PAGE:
There is yet another provision which does not lead to criminal reprisals but entitles the authorities to limit the electoral rights of citizens in an arbitrary manner. There have been quite a few such restrictions before (on grounds of citizenship or a residence permit of a foreign state, criminal record or administrative liability), but the new bans are revolutionary in nature. Any individual ‘involved in the activities’ of organisations declared extremist or terrorist by Russian courts cannot be elected for three and up to five years. Such involvement includes donations, for example. The real legal breakthrough is that these legal provisions can apply to acts committed three years prior to this law’s entry into force.
Another amendment that caused public outcry was the amendment of the Law ‘On Education‘, which introduced the concept of an ‘educational activity’ understood as virtually any dissemination of knowledge, competences, skills, etc. It introduced arbitrary bans on communicating ‘inaccurate information about the historical, national, religious and cultural traditions of peoples’. Therefore, the mode, conditions and forms of educational activities are defined in an arbitrary way by the government.
Law enforcement in practice
When it comes to the encroachment on human rights, law enforcement has not been lagging behind law-making in 2021. The year began with the blatantly lawless arrest of Alexei Navalny which marked the ultimate transition to a forceful crackdown on the political opposition. Another instance of violent repression is the shutting down of Memorial International and the Memorial Human Rights Centre. In between there have been a vast number of repressive episodes of all kinds. These include the unprecedentedly large-scale reprisals against protesters: according to official data, after the three mass rallies in January and February alone in the aftermath of the detention of Navalny and the publication of the film ‘Palace for Putin’, 17,600 people were detained across the country. Of these, 942 were detained for violations of the administrative law in Moscow alone, 15 times more than during the past 15 years. About 150 people were under criminal charges for participation in the protests. Their accusations varied from routine ‘violence against law enforcement officers’ to hooliganism, from the above-mentioned disruption of transportation services to the violations of epidemic restrictions, from calls for mass disorder to the involvement of minors in life-threatening activities.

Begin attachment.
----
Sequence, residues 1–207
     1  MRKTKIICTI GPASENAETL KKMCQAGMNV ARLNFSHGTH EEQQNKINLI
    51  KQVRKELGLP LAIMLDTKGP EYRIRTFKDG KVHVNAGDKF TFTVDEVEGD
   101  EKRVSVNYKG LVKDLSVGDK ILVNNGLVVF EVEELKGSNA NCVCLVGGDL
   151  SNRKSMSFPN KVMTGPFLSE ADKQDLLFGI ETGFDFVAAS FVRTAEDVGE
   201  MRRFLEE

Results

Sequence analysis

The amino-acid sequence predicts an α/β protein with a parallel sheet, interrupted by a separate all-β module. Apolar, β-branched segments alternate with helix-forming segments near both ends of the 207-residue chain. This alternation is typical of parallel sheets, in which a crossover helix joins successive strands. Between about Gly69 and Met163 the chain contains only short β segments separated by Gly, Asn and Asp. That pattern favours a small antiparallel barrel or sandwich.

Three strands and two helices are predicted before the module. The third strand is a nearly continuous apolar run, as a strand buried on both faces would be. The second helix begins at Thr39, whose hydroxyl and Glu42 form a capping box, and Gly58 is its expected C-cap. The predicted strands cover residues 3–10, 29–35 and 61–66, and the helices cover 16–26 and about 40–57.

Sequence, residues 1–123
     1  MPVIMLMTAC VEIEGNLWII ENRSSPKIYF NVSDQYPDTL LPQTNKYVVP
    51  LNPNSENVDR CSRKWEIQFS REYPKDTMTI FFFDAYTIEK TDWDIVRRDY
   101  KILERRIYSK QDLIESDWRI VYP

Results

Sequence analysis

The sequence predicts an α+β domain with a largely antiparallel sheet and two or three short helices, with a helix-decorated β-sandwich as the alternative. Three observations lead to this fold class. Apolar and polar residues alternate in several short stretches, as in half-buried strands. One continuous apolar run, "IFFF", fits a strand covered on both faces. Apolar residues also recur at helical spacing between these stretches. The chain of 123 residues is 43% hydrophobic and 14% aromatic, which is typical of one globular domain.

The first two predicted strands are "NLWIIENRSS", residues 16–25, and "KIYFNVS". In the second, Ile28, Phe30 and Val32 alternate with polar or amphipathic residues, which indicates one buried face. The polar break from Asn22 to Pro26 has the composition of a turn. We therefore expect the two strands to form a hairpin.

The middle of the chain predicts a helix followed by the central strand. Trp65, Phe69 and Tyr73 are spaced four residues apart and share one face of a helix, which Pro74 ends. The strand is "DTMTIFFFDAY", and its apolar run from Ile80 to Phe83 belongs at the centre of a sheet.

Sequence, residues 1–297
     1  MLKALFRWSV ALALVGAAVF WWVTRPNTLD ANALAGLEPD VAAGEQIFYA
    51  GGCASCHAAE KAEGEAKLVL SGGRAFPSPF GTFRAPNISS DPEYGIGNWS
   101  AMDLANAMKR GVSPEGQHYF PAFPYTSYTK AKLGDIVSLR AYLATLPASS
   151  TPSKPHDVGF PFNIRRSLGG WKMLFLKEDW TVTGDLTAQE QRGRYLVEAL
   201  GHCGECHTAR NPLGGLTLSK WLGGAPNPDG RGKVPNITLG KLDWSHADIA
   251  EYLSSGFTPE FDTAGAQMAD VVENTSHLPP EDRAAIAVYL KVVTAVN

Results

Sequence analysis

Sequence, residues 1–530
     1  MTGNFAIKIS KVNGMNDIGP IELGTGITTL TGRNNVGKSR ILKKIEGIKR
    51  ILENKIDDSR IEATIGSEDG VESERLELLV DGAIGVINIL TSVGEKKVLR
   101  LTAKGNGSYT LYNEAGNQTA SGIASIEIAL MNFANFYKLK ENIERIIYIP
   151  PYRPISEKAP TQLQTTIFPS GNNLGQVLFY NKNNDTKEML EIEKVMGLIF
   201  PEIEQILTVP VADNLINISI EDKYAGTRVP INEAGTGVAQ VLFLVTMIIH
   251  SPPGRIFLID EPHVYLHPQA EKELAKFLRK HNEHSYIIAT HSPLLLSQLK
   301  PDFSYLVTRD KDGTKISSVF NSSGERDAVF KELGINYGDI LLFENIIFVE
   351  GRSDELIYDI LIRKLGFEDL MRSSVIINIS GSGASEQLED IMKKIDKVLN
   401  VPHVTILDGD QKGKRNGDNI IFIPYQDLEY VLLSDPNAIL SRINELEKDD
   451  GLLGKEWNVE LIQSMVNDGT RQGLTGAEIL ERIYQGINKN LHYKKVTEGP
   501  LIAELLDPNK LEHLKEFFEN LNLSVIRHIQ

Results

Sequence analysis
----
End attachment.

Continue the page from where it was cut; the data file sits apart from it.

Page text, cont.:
Another case related to the exercise of the right to freedom of assembly was filed against leaders of the protest movement in Ingushetia. In December, a court sentenced them to a minimum of seven and a half to nine years in prison, finding them guilty of violence against law enforcement officers and organising extremist activities. The case is part of a trend to suppress freedom of association. It also includes the trumped-up criminal case against Andrey Pivovarov, former director of Open Russia, who has been in the Krasnodar pre-trial detention centre since May on charges of organising the activities of an ‘undesirable’ organisation. By activities, the investigation understood several dozen posts on Facebook.
Within the same trend of suppressing organised opposition activity are criminal cases against former coordinators of Navalny’s offices in the regions: Alexey Vorsin was given a suspended sentence in September for ‘repeated violations of the established rules for holding public events’ (the same Article was applied in the case of Ildar Dadin); Andrey Borovikov was sentenced in Arkhangelsk to two years and three months in a penal colony in April on charges of reposting a Rammstein video; Lilia Chanysheva was arrested in November in Ufa on charges of leading an extremist association. The latter charge could be made after Navalny’s network, including FBK, and Navalny’s offices were banned by court in June as belonging to an extremist organisation under trumped-up accusations.
Both criminal and administrative sanctions have been eagerly applied to suppress freedom of expression. Criminal charges included justification of terrorism, rehabilitation of Nazism, calls for extremist activities and insulting the feelings of believers while administrative offences included incitement to hatred, disrespect for the authorities and displaying extremist symbols (which in some cases involved symbols related to the Smart Voting campaign).